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Women, Ladies, and Girls at Work


A graphic showing three women standing next to each other with the caption: Women, Ladies and Girls at Work

A reader emailed me to ask this question:

I recently wrote an email to several co-workers, all of whom happen to be women (I am not) and opened with the greeting “Ladies.” Is this in any way inappropriate or offensive?

Some words always offend. I won’t mention them here, but you can imagine a few of them.

Some words offend if the user intends to offend or pigeonhole the other person. For example, boy is a neutral word, but when used by a white person to refer to a man of color, it’s offensive. It puts that person in a specific, lower place. By contrast, my mother, who is 84 years old, loves Tiger Woods. She refers to him as “my boy.” Given her age, her status as a fan, and her affectionate “my boy,” her use of boy is understandable, but it might not work for another woman outside the nursing home.

Other words offend if the audience finds them offensive (hence you should know your audience!). Ladies, girls, and even women are three of those words.

Some women love to be called ladies. To them, the word connotes class and distinction and having doors opened for them (literally).

Other women dislike the label ladies. They think of themselves as women, men’s equal. To them, ladies connotes fragility and delicacy, and they do not want to be seen as fragile or delicate at work. The doors they want opened are the doors to opportunity.

Some women don’t care either way about the word ladies.

Girls is usually not the right term for the workplace given that most females at work are not girls–they are women. Using girls can be seen as a putdown. However, some women adore being called girls. They refer to themselves as girls and intend to be girlish forever. Until a man is certain he is working with women who like to be called girls, he should avoid the term. And girls should not be used in writing. It is inappropriate to email “I will have my girl set up a meeting.” My and girl together smell of paternalism, which normally doesn’t sit well at work. Although my mother can get away with “I hope my boy does well in the golf tournament,” she is not Tiger’s boss.

You might think women would be a safe term. But there are women who want to know why they are not being called ladies.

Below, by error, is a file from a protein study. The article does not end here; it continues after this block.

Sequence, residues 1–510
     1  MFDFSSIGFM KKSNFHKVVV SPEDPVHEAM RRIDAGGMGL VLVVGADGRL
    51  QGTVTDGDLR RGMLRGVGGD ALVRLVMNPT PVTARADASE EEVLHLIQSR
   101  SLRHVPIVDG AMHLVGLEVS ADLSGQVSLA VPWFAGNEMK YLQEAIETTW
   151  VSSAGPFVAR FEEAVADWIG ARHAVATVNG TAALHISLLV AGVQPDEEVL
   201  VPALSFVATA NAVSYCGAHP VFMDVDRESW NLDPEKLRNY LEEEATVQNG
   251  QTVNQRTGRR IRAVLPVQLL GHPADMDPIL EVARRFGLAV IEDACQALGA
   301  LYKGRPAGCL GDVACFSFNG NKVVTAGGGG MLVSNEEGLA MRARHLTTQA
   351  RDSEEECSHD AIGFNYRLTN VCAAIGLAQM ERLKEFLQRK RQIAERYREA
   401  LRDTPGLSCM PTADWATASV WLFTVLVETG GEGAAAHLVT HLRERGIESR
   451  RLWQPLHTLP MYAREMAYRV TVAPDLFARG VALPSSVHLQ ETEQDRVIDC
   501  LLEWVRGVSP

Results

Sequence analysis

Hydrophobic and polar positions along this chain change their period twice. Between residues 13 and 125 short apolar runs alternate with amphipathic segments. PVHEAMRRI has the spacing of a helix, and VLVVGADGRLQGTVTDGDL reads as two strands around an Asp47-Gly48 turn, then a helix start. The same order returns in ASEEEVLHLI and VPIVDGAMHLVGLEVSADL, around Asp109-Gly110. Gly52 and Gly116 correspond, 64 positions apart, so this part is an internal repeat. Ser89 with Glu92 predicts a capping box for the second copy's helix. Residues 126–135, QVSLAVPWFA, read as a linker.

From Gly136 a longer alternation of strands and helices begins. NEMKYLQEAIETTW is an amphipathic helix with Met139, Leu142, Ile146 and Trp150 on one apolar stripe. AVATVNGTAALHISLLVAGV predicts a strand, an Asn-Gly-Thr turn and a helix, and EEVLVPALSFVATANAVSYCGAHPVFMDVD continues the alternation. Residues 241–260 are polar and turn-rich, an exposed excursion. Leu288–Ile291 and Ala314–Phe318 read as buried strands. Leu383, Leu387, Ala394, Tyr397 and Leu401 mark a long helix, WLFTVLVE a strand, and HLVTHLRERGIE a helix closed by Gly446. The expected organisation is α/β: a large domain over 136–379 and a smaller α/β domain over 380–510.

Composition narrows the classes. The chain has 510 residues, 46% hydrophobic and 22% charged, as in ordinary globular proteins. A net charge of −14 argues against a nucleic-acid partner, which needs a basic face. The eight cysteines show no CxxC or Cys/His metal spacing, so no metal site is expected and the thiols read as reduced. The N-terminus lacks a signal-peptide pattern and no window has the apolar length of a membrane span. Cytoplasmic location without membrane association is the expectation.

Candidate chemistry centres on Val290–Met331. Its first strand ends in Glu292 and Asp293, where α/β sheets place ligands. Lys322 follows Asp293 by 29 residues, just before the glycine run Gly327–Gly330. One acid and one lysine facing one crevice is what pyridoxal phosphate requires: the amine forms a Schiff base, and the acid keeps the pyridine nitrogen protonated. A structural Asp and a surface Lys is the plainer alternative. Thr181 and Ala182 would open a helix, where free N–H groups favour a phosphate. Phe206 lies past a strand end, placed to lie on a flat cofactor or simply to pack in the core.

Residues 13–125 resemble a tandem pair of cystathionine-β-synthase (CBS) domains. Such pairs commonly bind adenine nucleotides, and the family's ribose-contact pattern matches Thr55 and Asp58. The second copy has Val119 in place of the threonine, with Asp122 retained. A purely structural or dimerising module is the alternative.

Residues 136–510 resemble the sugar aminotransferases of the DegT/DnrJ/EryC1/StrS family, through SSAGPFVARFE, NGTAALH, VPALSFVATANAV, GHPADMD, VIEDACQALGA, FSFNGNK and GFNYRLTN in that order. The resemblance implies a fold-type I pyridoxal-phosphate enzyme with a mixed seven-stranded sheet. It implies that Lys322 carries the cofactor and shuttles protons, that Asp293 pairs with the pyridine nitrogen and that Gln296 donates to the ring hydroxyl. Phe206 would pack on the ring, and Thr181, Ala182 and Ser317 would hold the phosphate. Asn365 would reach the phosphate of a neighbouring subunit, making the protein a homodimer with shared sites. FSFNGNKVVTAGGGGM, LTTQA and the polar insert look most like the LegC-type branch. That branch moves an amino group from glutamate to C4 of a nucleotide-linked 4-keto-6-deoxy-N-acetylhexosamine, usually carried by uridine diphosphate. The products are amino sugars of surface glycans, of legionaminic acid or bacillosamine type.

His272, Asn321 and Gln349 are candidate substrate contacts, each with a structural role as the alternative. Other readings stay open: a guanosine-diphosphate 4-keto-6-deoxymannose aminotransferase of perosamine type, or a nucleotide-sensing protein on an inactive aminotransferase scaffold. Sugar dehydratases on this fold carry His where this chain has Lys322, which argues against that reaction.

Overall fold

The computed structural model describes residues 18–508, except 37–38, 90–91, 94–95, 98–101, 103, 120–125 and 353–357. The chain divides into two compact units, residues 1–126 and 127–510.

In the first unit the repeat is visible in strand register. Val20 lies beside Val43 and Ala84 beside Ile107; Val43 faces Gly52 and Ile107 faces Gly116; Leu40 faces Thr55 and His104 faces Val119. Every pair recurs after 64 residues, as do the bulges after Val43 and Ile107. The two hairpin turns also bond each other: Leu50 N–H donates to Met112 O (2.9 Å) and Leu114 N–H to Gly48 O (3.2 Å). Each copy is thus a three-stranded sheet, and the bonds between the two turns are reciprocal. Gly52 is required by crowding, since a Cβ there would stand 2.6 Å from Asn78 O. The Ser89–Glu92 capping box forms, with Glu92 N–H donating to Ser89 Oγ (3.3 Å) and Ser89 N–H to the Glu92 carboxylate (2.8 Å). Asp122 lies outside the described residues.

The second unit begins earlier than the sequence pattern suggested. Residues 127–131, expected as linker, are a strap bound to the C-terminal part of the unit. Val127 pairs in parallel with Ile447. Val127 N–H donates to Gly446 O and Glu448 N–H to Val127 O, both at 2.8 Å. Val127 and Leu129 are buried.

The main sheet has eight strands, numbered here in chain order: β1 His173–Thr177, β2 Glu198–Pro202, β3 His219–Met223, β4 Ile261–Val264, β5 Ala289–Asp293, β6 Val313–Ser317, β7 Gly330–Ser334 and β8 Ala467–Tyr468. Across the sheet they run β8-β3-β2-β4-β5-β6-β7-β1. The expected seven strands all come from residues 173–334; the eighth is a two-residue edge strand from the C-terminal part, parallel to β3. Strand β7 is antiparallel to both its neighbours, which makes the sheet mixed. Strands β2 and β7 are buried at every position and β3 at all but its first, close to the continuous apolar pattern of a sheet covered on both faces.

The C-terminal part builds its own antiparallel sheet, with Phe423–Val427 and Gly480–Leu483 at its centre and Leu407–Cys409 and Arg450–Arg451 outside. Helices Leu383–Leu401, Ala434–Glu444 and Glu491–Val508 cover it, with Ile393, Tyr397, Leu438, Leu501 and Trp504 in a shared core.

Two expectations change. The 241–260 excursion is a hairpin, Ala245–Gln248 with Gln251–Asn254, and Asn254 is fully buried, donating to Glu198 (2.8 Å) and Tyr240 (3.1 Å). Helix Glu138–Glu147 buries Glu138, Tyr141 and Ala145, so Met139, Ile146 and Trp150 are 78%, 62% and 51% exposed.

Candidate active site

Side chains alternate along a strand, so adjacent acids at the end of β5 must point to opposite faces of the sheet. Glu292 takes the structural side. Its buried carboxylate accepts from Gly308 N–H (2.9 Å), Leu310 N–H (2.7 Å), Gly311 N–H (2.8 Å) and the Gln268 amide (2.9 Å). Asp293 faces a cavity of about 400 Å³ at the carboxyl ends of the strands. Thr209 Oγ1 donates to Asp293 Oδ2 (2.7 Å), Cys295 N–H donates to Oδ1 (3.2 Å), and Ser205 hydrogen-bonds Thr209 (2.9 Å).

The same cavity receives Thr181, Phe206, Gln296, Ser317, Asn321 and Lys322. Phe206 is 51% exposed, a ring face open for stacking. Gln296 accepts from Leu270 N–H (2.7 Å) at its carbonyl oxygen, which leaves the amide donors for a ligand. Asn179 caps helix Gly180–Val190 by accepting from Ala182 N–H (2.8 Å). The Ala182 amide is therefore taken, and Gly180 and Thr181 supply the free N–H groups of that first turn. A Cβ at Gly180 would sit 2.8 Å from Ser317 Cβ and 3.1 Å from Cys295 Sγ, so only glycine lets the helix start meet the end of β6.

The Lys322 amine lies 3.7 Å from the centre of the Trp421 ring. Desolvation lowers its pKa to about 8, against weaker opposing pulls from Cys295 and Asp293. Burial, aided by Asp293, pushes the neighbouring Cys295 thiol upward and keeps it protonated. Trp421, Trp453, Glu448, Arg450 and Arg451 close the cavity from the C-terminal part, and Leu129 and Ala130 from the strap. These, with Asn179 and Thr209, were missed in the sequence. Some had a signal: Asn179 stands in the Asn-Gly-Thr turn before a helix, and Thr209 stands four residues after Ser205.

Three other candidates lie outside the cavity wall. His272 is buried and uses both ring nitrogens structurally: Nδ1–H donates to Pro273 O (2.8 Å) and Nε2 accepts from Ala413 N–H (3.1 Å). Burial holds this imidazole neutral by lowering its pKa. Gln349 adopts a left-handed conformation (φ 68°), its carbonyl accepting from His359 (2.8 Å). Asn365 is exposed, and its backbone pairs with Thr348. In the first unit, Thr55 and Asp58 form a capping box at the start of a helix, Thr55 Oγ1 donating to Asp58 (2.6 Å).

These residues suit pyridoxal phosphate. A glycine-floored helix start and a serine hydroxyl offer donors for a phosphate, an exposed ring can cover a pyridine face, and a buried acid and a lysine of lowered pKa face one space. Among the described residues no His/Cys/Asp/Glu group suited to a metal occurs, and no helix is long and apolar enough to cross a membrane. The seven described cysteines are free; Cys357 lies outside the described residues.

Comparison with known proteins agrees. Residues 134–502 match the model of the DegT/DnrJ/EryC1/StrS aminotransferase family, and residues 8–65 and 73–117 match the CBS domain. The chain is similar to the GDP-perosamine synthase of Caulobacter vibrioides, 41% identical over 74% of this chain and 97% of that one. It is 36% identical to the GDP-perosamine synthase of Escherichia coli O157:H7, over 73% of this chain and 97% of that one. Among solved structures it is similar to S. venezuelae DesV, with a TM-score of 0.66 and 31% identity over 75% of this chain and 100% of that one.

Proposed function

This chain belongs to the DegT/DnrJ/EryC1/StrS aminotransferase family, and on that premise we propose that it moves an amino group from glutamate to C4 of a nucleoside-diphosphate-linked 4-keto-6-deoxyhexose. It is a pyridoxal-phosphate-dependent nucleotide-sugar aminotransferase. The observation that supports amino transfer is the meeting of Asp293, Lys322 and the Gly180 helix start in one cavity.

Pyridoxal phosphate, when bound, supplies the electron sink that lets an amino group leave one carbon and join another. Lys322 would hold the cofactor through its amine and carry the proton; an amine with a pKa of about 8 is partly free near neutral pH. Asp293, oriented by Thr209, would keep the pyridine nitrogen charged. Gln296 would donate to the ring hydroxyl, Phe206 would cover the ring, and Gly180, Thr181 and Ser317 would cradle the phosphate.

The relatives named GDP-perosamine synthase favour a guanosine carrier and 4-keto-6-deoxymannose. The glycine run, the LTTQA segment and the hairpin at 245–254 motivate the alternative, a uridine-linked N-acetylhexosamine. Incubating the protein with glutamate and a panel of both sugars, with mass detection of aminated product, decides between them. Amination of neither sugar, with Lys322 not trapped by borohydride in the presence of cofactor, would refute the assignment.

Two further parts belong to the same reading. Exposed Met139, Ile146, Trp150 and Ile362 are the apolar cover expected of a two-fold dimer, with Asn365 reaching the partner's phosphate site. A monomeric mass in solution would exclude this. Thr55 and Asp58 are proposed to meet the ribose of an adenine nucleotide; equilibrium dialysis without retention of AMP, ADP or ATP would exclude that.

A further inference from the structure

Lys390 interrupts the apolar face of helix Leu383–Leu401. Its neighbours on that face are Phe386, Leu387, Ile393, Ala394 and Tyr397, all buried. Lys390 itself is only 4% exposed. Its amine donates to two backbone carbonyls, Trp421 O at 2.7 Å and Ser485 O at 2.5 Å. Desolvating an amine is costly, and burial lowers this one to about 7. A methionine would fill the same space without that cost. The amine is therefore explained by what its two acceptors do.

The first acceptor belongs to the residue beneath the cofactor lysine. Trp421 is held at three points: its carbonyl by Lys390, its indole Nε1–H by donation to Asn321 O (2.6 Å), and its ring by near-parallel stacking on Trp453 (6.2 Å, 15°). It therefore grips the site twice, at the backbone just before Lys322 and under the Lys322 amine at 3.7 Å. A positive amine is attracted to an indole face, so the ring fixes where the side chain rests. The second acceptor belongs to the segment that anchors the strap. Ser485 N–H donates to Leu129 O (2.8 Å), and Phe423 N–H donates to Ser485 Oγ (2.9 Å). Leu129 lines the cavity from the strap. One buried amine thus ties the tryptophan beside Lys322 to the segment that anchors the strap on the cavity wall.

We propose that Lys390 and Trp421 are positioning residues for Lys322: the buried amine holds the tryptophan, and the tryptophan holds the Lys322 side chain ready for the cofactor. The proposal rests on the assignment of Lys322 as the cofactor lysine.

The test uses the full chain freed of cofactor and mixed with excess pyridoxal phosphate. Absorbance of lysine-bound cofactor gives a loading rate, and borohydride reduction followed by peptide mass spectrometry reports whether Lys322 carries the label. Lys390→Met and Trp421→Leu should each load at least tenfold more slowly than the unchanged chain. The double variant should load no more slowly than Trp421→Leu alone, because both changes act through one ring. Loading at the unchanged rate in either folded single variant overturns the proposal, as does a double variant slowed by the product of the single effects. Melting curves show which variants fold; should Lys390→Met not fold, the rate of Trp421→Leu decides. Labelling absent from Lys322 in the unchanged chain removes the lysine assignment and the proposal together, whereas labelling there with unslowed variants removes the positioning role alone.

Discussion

My suggestion is that you find out how the women/ladies/girls at work want to be addressed. Then recognize that it will change with changes in the group. So call them “team members.”

To my female readers: Most men who write to me with this type of question, as this reader did, write because they have been criticized for their language. Let’s not criticize. Let’s all assume the best motives of the men–and women–we work with. And when we disagree with their approach, let’s share our preferences rather than implying that they are wrong. It’s nearly impossible to be right when people have such differing views.

Note: I live and work on the liberal West Coast of the United States, and my experiences are limited by geography, age, and status.

Also, there is a wonderful site called which, in their own words, is a “women generated, knowledge-based, Q&A platform.”  If you want to further this discussion, that would be a great place to post the question.  And if you do, please feel free to share what you’ve learned with us!

Further Reading:

Women Are Not “Guys” At Work, Are They?

Tips For Writing Gender-Neural Emails


Posted by Lynn Gaertner Johnson
By Lynn Gaertner-Johnston

Lynn Gaertner-Johnston has helped thousands of employees and managers improve their business writing skills and confidence through her company, Syntax Training. In her corporate training career of more than 20 years, she has worked with executives, engineers, scientists, sales staff, and many other professionals, helping them get their messages across with clarity and tact.

A gifted teacher, Lynn has led writing classes at more than 100 companies and organizations such as MasterCard, Microsoft, Boeing, Nintendo, REI, AARP, Ledcor, and Kaiser Permanente. Near her home in Seattle, Washington, she has taught managerial communications in the MBA programs of the University of Washington and UW Bothell. She has created a communications course, Business Writing That Builds Relationships, and provides the curriculum at no cost to college instructors.